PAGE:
The hidden cause of stress.


By David Joel Miller.

Why are you stressed out if things are going so well?

Stressed

Feeling stressed out?
Photo courtesy of Pixabay.com

Stress is epidemic in our modern world. Everyone has heard about stress management classes and tools. Everywhere you go these days people are talking about their stress levels and how hard their life is. We live in a world with more material comforts and technology than ever before. Why is everyone so stressed?

What comes as a surprise many times is that the people who are reporting the most stress are not the people who are going through the roughest times. Now we know that hard times are not always apparent. Some people have really difficult things going on in their lives and they never mention it. But what is so amazing is how people who for all apparent evidence are doing well, have so much stress.

Being unemployed is stressful but working can be even more stressful. Someone has a good job, one that pays well, and they work every day but the work is stressing them out. They have a relatively new car and the payments on that car are stressful. Frankly, the biggest stressors in life are often not the things that are the most harmful or the most painful. Why when so many people in the western industrial world have so very many things that look like advantages do we also have the corner on the world’s inventory of stress?

You can end up stressed out even if nothing bad ever happens.

What has largely gone unnoticed is that you can be so stressed out even when nothing bad ever happens. See it is not the actual event that is stressful. The fear you will lose your job can be more stressful than the actual loss. People live for years worrying that the place they work at will close or downsize and they will lose their job. That is stressful. Then the closure happens and life changes.

People can go through life always on edge, always stressed even when none of the bad things that should be the cause of their stress ever happen. Sometimes when it happens it is even a relief. At least once the shoe drops you can start making plans for the rest of your life.

The threat is more stressful than the event.

Stress is not about the actual event, at least most of the time it isn’t. Once the bad event happens people go through the grieving and adjusting process and then they get to work fixing things and rebuilding things. People who are out of work and unemployed may even go about the process of reinventing themselves.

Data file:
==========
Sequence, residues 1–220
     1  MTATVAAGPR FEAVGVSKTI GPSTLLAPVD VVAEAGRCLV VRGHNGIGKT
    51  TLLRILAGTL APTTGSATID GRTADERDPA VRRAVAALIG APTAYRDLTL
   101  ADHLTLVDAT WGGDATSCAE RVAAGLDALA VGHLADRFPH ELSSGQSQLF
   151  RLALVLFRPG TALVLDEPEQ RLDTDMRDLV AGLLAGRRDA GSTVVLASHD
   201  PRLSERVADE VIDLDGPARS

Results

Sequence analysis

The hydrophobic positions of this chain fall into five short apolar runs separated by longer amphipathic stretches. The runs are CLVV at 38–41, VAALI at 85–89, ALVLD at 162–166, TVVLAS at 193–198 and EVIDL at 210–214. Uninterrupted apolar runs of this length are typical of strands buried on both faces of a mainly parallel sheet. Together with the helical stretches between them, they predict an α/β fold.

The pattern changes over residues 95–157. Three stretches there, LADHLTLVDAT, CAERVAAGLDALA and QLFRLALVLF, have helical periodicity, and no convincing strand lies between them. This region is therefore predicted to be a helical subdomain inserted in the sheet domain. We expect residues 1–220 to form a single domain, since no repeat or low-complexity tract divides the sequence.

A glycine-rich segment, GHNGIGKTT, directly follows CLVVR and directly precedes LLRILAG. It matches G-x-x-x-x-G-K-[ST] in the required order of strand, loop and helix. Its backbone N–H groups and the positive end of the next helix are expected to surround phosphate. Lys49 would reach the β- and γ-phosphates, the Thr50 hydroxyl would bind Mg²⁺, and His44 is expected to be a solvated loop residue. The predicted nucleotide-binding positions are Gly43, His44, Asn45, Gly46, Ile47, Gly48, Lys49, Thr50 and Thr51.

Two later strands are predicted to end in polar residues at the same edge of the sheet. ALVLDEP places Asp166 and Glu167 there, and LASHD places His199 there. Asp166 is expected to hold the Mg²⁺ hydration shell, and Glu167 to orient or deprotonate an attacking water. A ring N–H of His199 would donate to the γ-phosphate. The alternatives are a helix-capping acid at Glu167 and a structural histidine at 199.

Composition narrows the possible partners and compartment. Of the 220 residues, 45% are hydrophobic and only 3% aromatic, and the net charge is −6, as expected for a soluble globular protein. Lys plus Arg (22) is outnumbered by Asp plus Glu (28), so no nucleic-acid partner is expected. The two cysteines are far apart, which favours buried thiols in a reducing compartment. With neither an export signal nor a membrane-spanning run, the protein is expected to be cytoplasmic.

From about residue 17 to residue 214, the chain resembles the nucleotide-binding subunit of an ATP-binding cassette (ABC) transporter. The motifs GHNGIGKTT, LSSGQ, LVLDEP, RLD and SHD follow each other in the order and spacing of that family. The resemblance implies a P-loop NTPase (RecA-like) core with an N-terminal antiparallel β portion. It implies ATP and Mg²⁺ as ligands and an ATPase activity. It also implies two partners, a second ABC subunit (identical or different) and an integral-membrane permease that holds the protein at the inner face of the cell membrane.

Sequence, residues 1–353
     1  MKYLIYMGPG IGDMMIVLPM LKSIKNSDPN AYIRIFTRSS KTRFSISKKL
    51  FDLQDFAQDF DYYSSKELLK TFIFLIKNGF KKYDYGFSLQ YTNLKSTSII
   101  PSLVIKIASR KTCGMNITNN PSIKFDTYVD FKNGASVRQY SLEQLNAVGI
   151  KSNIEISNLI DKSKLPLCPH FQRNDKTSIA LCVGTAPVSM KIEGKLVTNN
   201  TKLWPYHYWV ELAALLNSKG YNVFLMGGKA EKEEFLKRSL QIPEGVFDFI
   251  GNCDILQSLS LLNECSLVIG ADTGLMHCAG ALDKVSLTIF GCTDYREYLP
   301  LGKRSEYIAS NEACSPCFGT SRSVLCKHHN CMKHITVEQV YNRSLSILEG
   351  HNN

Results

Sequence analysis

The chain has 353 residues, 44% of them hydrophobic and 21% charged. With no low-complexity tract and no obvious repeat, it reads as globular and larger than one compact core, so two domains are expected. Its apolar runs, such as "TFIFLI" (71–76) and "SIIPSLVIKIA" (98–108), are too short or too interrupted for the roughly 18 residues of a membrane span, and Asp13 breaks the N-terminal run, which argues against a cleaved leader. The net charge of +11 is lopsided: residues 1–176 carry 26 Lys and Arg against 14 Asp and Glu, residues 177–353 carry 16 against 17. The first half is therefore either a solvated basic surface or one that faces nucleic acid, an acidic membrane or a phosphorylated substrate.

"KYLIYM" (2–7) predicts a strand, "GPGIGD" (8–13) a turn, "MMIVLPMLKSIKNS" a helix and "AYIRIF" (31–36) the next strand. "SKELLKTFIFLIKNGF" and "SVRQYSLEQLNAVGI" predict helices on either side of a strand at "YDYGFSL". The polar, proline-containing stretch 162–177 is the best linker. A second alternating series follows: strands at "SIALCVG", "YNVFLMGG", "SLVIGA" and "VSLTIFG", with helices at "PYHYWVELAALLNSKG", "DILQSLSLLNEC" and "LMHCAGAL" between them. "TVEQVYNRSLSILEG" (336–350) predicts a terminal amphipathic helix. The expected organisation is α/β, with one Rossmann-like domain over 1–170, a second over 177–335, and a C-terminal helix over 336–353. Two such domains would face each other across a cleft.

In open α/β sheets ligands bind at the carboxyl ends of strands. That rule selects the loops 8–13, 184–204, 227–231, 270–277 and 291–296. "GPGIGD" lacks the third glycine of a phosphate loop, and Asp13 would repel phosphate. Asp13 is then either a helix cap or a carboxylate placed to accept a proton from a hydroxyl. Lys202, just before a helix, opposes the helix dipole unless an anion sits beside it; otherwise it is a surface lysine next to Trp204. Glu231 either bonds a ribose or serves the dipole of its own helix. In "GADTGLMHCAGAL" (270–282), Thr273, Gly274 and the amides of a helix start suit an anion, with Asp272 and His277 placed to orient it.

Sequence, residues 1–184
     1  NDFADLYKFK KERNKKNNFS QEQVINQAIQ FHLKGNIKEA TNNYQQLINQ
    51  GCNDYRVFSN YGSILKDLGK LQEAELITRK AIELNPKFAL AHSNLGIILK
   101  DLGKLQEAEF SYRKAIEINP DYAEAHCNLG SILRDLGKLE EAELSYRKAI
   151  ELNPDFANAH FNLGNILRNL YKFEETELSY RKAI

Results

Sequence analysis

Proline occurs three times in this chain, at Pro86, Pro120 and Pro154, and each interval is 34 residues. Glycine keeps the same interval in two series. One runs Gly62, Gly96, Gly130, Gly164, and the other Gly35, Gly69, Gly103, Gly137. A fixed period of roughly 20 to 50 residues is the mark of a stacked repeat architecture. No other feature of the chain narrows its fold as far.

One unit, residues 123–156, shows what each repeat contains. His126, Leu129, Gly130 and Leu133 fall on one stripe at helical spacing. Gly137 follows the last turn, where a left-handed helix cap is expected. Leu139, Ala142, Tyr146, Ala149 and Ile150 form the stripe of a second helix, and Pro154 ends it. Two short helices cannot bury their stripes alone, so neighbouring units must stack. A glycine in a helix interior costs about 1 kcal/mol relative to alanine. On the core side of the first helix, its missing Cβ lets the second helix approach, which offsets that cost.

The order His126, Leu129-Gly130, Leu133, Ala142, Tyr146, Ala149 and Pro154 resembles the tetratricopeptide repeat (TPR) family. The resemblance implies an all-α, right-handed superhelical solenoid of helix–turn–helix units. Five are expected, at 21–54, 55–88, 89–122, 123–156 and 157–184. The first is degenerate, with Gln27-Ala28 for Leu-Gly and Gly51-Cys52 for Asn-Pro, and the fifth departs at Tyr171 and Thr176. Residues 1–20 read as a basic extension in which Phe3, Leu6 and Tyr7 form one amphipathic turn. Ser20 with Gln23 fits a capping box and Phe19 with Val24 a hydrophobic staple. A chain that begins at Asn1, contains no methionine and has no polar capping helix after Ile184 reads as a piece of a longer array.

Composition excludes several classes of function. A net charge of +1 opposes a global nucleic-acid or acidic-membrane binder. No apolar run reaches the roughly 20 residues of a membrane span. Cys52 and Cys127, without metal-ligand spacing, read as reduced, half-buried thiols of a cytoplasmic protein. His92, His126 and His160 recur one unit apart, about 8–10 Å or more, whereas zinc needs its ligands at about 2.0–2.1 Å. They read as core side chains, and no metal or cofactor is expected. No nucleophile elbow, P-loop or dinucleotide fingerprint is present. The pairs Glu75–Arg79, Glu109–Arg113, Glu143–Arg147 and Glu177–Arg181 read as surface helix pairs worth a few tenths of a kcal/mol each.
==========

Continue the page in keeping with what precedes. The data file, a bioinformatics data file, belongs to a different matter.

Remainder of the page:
Worry about the end of a relationship can be stressful, the thoughts about why and how comes and what will you do next. But once you are convinced the relationship is in fact over and gone you can let go of the stress and start moving forward finding out who you are outside of that relationship.

Even good things can be very stressful.

The first week at a new job many people get sick. Trying to learn that new role can be stressful. You want to do well. Weddings and the birth of a child can all be extremely stressful. So can falling in love. Happy things can cause lots of stress.

What causes the stress is not the reality. What is stressful are the expectations about what will or might happen. Uncertainty is stressful. Not knowing and worry wear you out.

Stress is about anticipation.

Turns out in the end that the major factor that decides if something will cause you stress is what you anticipate happening. Worry works the stress hormones over time. Fear and anticipation take their toll. Holding on to expectations, especially negative, fearful, possible results of things makes even the best of situations stressful.

It is the things we worry about, the things outside our control that are the most stressful. We can’t control the future. The most we may be able to do is to be prepared and work to influence the outcomes.

Are you ready to give up your expectations and let life be what it is? When will you be ready to release the stress?

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For more about David Joel Miller and my work in the areas of mental health, substance abuse and Co-occurring disorders see the about the author page. For information about my other writing work beyond this blog check out my Google+ page or the Facebook author’s page, up under David Joel Miller. Posts to the “books, trainings and classes” category will tell you about those activities. If you are in the Fresno California area, information about my private practice is at counselorfresno.com. A list of books I have read and can recommend is over at Recommended Books

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One thought on “The hidden cause of stress.

  1. Pingback: Life lessons you need to learn. | counselorssoapbox

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